On being a dependable force of goodness in a child’s life:

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Every now and then I read to much on current events and I feel the burning desire to save the children. A lot of them are doing good, but I’ve always felt a deep spot in my heart for children in situations they shouldn’t be in. It’s not because I’ve ever been in an abusive situation as a child. I had a wonderful childhood, it was tainted by some things, crippling separation anxiety in first grade, a bipolar diagnoses at the age of six, being bullied till I was suicidal in middle school, but really none of that stood a chance against how well loved and protected I was by my parents, family, and friends. My heart aches for children who don’t have that, or for adults who didn’t have that as a child, because that got me through all sorts of things.

That’s what I want to talk about, not how terrible it can be or how good it can be, but what a difference a stable source of good can make in a child’s life. It’s not a news flash, everyone knows that broken homes can do some serious damage, but as my friends start having babies and I work towards that age were I want to as well I’ve been thinking a lot about what you can protect kids from and what you can’t.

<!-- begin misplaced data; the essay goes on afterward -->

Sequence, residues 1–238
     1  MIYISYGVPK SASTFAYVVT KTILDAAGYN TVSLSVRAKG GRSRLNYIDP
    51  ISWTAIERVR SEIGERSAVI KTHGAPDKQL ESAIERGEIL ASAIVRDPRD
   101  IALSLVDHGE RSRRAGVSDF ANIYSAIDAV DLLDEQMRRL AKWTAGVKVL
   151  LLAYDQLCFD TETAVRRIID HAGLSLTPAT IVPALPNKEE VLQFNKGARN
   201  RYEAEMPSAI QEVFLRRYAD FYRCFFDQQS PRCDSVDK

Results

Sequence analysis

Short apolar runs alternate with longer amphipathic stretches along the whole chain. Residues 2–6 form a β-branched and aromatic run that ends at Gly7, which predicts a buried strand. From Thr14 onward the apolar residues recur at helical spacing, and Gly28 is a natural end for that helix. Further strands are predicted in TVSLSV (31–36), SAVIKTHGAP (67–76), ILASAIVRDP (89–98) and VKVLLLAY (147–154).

There is a ton that you have no control over whether you are the child or the adult looking after them. Bad things happen, to everyone, over and over again, but if we have enough good to counteract that bad we can get somewhere healthy and happy. It doesn’t matter if you are a parent, a family friend, a teacher, or an older sibling, being a stable source of dependability and goodness to a child can save their lives in more ways than one.

It can help them feel less alone, it can give them someone to confide in, and it can give them someone to go to for help, these are invaluable. If I never told my mom I was suicidal in middle school I wouldn’t be here. She took the steps to help keep me safe from myself, and I told her because I knew I could trust her. Simply being a trustworthy adult is a huge thing to children and teens.

You can also be a relief. Sometimes that’s whats needed. Children don’t always need you to solve their problems, sometimes you can’t, but simply being there with a smile and a few jokes can help pull a child away from their issues and remind them that there are good things in the world. Be a source of good. Be a source of dependable goodness and you’ve already done a giant favor to the children in your life.

This might seem like a long babbling post for someone who doesn’t have a child, but we’ve all been children and the fact that I look back and say that childhood was amazing when it was also riddled with trying to find the right medications, mood swings, huge anxiety attacks that made me throw up, and terrible and cruel bullying says a lot. I was saved by a support system greater than kids my age, and though I don’t have kids yet, I strive to be that person in all children that I meet.

We have a responsibility to the younger generation, it’s time we use it for all the good we can.

 

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